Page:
Russia has been asked to provide additional supplies to Europe to alleviate the increasing energy crisis. The appeal came as the National Grid warned that the danger of power shortages in the UK this winter would be at its worst level in five years, with "significant price spikes" possible.

This week, gas prices have already surpassed previous highs. According to the International Energy Agency, Russia may increase winter shipments to Europe by 15%, which advises the international community on energy policy.

However, the nation has stated that more gas would be accessible only once Germany's Nord Stream 2 pipeline is permitted.

Russia to expand energy supply to Europe

Fatih Birol, the executive director of the International Energy Agency, asked Putin yesterday to demonstrate that he is a "reliable supplier" by assisting in relieving the worldwide supply shortage that has pushed energy prices soaring.

Putin's spokesperson, Dmitry Peskov, said yesterday that there was "potential" to expand supply to Europe and that Nord Stream 2 was the best way to do it, The Sun reported.

It only took a few words from Vladimir Putin on Wednesday regarding gas output in his nation for the commodity's price to plummet on the wholesale markets. For some, his quick remark revealed Europe's complete vulnerability to Russia and raised concerns about the ease with which gas could be weaponized.

It occurred amid a dispute about the inauguration of a new Russia-Germany gas pipeline, as the price of some gas equities had nearly doubled since the start of the year to trade at a new all-time high.

Russia is already the EU's largest gas supplier, and some have speculated that the Nord Stream 2 project will expand European reliance.

Concerns about Russian gas's involvement have existed since 2009 when a disagreement between Russia and Ukraine over claimed non-payment for Russian gas caused supply shortages in at least 18 European nations until a solution was reached.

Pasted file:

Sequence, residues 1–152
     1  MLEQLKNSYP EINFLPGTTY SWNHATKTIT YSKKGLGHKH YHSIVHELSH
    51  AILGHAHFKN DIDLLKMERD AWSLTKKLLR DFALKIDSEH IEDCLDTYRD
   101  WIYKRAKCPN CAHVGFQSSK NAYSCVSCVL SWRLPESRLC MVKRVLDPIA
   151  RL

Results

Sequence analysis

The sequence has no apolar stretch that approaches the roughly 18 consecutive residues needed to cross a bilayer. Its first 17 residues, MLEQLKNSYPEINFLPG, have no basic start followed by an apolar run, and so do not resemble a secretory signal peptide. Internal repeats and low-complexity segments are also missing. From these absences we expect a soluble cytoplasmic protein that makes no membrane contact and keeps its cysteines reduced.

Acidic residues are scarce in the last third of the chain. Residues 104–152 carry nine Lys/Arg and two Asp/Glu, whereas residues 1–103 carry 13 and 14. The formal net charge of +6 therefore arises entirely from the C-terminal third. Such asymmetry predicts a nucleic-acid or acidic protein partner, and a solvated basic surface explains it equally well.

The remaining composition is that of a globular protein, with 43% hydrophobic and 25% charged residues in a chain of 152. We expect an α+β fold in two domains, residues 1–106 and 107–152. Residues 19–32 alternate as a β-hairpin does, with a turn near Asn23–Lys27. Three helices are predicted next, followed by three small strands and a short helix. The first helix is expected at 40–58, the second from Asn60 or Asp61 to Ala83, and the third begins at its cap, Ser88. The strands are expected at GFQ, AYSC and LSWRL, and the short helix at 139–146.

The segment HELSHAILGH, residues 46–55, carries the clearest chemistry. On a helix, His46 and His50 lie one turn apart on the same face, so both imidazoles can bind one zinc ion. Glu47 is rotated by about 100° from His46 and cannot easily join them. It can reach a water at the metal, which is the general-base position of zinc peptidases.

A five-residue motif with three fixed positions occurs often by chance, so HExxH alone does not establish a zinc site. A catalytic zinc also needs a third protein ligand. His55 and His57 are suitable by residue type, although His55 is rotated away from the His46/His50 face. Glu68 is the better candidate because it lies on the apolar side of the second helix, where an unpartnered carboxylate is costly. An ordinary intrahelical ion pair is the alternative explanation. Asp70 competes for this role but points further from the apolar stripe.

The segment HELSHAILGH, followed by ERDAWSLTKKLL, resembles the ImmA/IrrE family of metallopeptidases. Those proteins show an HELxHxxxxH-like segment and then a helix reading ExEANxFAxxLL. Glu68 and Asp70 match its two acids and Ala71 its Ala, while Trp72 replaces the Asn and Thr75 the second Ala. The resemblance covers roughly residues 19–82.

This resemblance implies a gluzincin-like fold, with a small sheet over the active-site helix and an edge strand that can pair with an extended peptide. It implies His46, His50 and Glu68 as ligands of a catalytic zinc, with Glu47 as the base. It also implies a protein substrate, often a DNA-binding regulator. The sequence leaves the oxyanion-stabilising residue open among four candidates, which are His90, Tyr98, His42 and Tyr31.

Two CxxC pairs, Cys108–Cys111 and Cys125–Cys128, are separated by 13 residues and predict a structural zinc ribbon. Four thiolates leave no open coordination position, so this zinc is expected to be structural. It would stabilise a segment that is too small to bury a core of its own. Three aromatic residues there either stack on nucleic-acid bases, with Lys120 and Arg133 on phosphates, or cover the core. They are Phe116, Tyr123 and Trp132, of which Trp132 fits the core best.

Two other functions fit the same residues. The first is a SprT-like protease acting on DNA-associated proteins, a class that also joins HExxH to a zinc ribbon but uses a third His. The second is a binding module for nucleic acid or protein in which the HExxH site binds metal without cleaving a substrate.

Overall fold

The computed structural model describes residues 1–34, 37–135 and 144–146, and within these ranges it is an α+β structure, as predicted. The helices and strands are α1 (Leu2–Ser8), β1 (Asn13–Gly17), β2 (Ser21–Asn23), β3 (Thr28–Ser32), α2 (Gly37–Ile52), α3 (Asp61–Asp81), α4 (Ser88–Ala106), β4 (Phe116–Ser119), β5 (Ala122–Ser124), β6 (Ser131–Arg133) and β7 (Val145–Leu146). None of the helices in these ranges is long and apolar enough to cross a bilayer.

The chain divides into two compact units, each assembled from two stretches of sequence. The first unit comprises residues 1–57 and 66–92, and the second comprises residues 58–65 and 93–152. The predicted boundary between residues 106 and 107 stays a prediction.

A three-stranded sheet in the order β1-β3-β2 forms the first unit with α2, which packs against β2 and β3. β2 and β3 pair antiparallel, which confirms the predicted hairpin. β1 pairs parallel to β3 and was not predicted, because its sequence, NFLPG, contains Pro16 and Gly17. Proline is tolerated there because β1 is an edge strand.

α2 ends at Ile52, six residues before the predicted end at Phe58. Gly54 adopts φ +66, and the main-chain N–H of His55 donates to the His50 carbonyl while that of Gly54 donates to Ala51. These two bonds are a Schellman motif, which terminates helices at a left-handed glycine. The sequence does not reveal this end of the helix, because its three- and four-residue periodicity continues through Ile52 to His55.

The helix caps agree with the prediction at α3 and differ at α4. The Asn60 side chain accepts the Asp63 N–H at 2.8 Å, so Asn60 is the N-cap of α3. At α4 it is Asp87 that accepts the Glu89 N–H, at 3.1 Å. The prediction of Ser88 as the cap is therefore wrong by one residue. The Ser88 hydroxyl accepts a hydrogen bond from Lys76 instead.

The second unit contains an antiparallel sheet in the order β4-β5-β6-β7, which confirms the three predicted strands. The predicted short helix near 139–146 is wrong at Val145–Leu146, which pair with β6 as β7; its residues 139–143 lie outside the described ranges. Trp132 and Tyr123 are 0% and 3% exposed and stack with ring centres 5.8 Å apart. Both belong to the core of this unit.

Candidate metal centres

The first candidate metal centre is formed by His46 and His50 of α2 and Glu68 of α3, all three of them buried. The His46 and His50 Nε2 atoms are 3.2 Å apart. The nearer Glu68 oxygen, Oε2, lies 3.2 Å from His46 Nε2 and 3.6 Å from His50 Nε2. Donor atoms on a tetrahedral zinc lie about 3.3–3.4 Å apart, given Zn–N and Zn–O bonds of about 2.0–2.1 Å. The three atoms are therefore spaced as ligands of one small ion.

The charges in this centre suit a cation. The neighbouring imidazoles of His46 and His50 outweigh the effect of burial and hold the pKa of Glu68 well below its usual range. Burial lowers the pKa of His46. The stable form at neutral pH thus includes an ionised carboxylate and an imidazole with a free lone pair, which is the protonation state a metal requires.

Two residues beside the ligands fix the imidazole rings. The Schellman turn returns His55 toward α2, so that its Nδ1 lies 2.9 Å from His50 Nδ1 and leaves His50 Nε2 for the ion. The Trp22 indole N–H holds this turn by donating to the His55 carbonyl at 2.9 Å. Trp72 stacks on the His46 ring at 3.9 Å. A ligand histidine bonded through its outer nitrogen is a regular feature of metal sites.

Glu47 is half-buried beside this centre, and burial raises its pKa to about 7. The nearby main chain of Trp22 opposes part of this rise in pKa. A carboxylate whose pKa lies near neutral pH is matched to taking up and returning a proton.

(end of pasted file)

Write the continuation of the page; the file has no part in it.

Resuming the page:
During the Crimea conflict in 2014, there were worries that Russia might cease delivering gas through Ukraine, affecting southern and central Europe - something that did not happen, despite Western sanctions.

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Moscow rejects US' plea for assistance amid energy crisis

Moscow is currently Europe's principal supplier, delivering 43 percent of the 27-nation European Union's needs. As the Nord Stream 2 pipeline is turned on, this is likely to rise, as per Sky News.

As skyrocketing expenses in Europe and Asia spread worldwide, rising gas prices have struck the United States, putting economic stability in jeopardy. Now, a group led by Russia has rejected Joe Biden's pleas for assistance.

Natural gas and coal prices are at an all-time high, as a shortage of energy sources in Europe and Asia drives up prices for millions of people in the UK and elsewhere. The energy crisis has now expanded to the United States, with OPEC and OPEC+ - the Organization of Petroleum Exporting Countries and its Allies - refusing to assist the Joe Biden administration in resolving the problem.

The group, which is made up of 13 oil-producing nations including Russia, Algeria, Iraq, and Venezuela, has refused to heed pleas from the White House to speed up plans to boost crude output to address the increasing energy crisis.

OPEC+, which has included Russia since 2016, said on Monday that it would adhere to a plan put in place last summer to progressively increase oil output by 400,000 barrels per day each month, despite concerns of a rising supply-demand gap.

Per Express.co, the move risks inflaming relations between OPEC countries and big oil consumers such as the United States, the United Kingdom, and China amid fears that rising energy costs would stymie economic recovery following the pandemic.

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